One of the publications where I do freelance writing, The Myeloma Beacon, features an excellent patient forum. Although largely about multiple myeloma, someone recently asked a question about a popular supplement, Poly-MVA. Proponents of the liquid make lots of anti-cancer claims. Here is what the American Cancer Society has to say about it:

Other common name(s): Poly MVA, Polydox, lipoic acid-palladium complex (LAPd), palladium lipoic complex, synthetic DNA reductase
Scientific/medical name(s): none

Poly-MVA is a liquid dietary supplement that contains various minerals, B complex vitamins, palladium, and amino acids and lipoic acid (see Lipoic Acid, and B Vitamins). The “MVA” stands for minerals, vitamins, and amino acids.

Poly-MVA has been promoted as a non-toxic alternative to chemotherapy. Some also promote it to be used alongside mainstream cancer treatment. Available scientific evidence does not support claims that Poly-MVA is effective in preventing or treating cancer.
How is it promoted for use?
The main ingredient of Poly-MVA is said to be the lipoic acid-palladium complex. According to the inventor of Poly-MVA, this complex can alter the electrical charge of DNA molecules and other parts of cells. This activity is said to help repair damaged DNA and cause cancer cells to self-destruct, a process called apoptosis. Proponents have also claimed palladium allows lipoic acid, an antioxidant, to reach cells in the body it could not otherwise reach. The other components of Poly-MVA are said to complement these actions and to help restore nutrients needed for energy.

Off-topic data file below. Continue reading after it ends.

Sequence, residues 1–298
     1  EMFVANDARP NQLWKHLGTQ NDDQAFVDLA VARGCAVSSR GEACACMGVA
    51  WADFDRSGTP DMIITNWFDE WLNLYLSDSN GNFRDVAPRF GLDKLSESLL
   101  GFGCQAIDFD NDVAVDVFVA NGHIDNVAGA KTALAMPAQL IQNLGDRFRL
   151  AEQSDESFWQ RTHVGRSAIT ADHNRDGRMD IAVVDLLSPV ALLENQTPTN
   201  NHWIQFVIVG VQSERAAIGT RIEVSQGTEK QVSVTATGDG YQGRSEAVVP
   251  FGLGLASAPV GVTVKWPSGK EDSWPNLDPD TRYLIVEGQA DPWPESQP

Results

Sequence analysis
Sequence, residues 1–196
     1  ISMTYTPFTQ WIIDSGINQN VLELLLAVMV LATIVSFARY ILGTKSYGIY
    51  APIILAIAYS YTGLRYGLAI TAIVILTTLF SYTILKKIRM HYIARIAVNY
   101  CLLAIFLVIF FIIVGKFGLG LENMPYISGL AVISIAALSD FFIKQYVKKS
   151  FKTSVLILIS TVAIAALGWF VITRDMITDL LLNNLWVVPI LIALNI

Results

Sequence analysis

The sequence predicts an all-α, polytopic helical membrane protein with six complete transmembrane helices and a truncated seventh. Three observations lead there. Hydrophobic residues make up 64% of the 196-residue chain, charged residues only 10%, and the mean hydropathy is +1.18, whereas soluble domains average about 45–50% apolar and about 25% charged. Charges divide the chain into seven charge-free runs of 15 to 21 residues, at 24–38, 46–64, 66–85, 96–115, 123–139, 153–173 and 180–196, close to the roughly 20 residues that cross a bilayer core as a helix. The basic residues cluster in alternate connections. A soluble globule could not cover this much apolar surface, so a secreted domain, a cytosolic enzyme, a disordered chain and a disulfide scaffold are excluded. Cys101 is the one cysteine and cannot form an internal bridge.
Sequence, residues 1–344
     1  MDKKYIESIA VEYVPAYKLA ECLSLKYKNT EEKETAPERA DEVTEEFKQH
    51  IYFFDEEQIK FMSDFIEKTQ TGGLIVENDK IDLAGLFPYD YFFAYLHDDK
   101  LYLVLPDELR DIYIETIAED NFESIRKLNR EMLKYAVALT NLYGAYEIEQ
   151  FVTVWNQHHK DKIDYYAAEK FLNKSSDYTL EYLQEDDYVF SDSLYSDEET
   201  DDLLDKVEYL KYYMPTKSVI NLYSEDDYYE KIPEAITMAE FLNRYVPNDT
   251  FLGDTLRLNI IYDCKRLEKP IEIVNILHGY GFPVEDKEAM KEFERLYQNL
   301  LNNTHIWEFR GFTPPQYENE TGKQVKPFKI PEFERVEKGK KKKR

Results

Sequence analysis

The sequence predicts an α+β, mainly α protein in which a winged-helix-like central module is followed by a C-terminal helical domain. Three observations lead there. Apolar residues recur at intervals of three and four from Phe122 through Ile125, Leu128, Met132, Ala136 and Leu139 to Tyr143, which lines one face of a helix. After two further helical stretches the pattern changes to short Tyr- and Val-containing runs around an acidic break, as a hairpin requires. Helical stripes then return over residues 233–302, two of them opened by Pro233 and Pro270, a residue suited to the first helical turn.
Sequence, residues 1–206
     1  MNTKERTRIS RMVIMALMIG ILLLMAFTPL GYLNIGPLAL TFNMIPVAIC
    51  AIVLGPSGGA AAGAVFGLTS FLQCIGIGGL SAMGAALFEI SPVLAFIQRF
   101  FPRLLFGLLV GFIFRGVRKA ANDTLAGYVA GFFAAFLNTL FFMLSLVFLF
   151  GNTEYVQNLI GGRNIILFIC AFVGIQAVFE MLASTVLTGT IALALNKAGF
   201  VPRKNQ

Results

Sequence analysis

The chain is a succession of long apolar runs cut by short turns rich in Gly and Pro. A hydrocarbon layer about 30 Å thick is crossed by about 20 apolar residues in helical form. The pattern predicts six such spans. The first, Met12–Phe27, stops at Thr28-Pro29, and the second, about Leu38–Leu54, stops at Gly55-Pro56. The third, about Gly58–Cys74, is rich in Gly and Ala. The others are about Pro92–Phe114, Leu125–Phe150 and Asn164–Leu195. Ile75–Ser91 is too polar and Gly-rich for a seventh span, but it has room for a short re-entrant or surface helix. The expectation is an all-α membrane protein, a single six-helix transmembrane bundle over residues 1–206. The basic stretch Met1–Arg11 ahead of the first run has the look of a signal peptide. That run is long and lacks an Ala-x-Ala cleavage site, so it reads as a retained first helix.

Poly-MVA has been promoted as a “metallo-vitamin.” It is recommended by some practitioners as a way to prevent or treat cancer. Supporters of Poly-MVA have claimed that it is effective against several types of tumors and that it boosts the immune system, reduces pain, and helps people regain energy and appetite. It has been suggested that Poly-MVA may improve quality of life, especially in those undergoing chemotherapy or radiation therapy. Some even claim it may lead to longer survival.
Poly-MVA has also been reported to be useful in other conditions, including asthma, psoriasis, chronic fatigue syndrome, and AIDS.

What does it involve?
Poly-MVA is a reddish-brown liquid that is taken by mouth. No studies have been done to determine safe or effective doses, although the manufacturer recommends doses ranging from ½ teaspoon to 8 teaspoons a day. Poly-MVA is used at some health clinics in the United States and Mexico, and it can be bought on the Internet.

What is the history behind it?
Poly-MVA was created by Merrill Garnett, DDS, a former dentist with some graduate training in biochemistry. He has conducted research in “electrogenetics” since the late 1950s at different laboratories on Long Island, New York. He is the founder and director of the Garnett McKeen Laboratory, which continues to study Poly-MVA and similar compounds.
According to the manufacturer, Poly-MVA has been available in the United States since 1992. In 1995, Garnett patented “palladium complexes and methods for using same in the treatment of tumors and psoriasis.” Poly-MVA remains a popular supplement, despite a lack of proof of effectiveness.

What is the evidence?